U.S. deems Bangladesh election as unfair, urges democratic principles

U.S. deems Bangladesh election as unfair, urges democratic principles

Mushfiqul Fazal, State Department Correspondent from Washington

Tuesday, January 29, 2024

In response to queries during a regular briefing at the State Department, spokesperson Matthew Miller stated, “The United States did not find the January 7 general election in Bangladesh to be free and fair.”

During the briefing, the State Department correspondent Mushfiqul Fazal, brought attention to the Wall Street Journal’s report on India’s involvement in a Canadian inquiry on election interference, aligning with China and Russia. India’s involvement has also surfaced in Bangladesh election interference to keep Sheikh Hasina in power. The Bangladeshi ruling foreign minister publicly asserted India’s support, drawing parallels with the one-sided elections of 2014 and 2018. Critics allege that the U.S. is resisting democracy promotion in Bangladesh due to Indian influence.

When questioned about the U.S. response to these developments, Miller refrained from commenting on the Canadian inquiry, stating, “So I don’t have a response with respect to the Canadian inquiry that you referenced. That’s a matter for Canada to speak to. I will say with respect to Bangladesh, democracy – as we have said any number of times as it pertains to Bangladesh and others – advances peace, prosperity, and security. It is at the center of the United States’ foreign policy, and we continue to engage with the Bangladeshi Government to advance democratic principles, which are key to ensuring peace and prosperity for all Bangladeshis.”

In another question, I mentioned that the Human Rights Commission called for the immediate release of detained political activists in Bangladesh, and that the present regime arrested 25,000 opposition members, including top opposition leaders, BNP leaders, to manipulate the January 7th sham election. I inquired about the steps the U.S. was taking against the authoritarian regime for undermining democracy given the pre-election visa restriction policy.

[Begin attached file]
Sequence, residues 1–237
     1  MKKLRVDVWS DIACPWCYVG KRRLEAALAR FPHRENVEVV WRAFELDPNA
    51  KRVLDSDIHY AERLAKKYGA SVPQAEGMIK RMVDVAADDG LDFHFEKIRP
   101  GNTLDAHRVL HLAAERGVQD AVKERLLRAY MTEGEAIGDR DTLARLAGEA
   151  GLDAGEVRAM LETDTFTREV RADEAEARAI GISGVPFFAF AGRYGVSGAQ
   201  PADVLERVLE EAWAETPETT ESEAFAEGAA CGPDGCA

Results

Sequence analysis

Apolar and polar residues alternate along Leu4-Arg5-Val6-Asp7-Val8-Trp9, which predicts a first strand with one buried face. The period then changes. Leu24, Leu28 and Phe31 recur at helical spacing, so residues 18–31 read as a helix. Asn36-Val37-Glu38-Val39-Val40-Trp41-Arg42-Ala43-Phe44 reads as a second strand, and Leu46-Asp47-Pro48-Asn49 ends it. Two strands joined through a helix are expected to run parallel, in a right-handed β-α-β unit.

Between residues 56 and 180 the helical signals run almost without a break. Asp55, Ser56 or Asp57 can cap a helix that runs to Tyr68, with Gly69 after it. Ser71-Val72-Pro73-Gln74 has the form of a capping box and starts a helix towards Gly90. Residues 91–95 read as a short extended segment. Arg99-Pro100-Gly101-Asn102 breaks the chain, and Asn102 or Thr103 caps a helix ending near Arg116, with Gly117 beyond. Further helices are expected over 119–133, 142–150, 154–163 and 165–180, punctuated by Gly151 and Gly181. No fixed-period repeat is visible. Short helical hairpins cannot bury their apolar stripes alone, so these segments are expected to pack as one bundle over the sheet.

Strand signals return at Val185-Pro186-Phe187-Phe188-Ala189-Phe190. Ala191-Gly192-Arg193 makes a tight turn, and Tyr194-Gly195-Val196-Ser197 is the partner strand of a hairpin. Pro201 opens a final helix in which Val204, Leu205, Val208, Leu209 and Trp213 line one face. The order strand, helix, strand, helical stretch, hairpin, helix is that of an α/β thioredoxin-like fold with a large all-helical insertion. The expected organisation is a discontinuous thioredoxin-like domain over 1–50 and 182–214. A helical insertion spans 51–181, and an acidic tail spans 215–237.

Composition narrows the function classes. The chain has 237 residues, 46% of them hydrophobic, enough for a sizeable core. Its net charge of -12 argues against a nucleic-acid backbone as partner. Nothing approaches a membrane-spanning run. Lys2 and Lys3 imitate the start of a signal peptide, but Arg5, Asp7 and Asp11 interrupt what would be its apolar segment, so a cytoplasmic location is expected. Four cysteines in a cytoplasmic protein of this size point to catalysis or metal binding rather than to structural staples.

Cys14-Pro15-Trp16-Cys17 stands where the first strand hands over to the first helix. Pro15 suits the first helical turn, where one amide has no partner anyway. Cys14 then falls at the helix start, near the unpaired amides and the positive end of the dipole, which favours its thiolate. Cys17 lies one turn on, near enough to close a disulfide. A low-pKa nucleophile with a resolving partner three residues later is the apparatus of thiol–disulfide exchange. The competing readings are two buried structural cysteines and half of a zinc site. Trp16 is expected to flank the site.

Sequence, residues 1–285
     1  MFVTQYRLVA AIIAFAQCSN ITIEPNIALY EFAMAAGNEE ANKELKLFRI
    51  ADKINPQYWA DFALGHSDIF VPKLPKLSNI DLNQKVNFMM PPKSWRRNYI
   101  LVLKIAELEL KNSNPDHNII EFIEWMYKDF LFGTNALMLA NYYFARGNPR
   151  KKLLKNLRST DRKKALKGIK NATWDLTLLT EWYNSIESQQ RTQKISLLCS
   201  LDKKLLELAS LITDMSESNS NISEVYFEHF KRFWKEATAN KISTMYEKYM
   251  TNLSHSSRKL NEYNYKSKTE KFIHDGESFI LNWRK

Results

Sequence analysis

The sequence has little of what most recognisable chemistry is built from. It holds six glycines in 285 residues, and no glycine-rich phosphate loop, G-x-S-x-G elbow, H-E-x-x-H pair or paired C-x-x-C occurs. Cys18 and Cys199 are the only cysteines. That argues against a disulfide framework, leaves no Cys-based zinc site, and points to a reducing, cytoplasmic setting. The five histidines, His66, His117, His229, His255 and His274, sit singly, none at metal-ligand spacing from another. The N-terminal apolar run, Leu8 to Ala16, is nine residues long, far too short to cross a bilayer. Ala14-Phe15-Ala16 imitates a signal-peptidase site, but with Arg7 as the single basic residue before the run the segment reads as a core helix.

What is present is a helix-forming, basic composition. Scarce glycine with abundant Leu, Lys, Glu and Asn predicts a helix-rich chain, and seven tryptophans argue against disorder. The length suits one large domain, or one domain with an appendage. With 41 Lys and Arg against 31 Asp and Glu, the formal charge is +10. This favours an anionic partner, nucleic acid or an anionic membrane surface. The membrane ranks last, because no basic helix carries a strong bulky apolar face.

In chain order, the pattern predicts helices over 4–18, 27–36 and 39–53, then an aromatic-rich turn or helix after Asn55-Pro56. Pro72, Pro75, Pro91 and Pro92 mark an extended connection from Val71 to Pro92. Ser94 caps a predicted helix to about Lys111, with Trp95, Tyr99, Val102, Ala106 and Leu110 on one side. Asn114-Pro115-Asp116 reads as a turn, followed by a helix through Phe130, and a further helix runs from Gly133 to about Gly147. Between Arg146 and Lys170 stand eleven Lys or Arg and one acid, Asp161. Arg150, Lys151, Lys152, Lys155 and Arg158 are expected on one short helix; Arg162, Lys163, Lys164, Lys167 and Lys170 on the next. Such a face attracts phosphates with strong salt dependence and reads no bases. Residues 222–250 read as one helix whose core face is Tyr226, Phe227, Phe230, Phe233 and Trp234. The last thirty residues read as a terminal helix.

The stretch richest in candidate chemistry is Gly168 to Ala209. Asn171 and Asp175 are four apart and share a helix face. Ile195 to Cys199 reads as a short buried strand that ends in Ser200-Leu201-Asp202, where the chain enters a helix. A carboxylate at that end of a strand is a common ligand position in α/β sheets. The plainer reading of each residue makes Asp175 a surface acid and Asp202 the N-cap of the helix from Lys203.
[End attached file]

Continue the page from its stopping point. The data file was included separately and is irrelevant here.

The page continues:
The State Department spokesperson responded, “You have heard me speak about our concerns about the parliamentary elections in Bangladesh before. We did not find them to be free and fair. We have also expressed our concerns with the arrest of thousands of political opposition members in the run-up to those elections.”

He added, “I will say two things. One, we urge the Bangladeshi Government to ensure a fair and transparent legal process for all of the arrested individuals. We also urge the Bangladeshi Government to allow opposition members and media professionals, civil society representatives, to participate meaningfully in the country’s democratic process and civic life, and we will continue to engage with the Bangladeshi Government to advance that point of view.”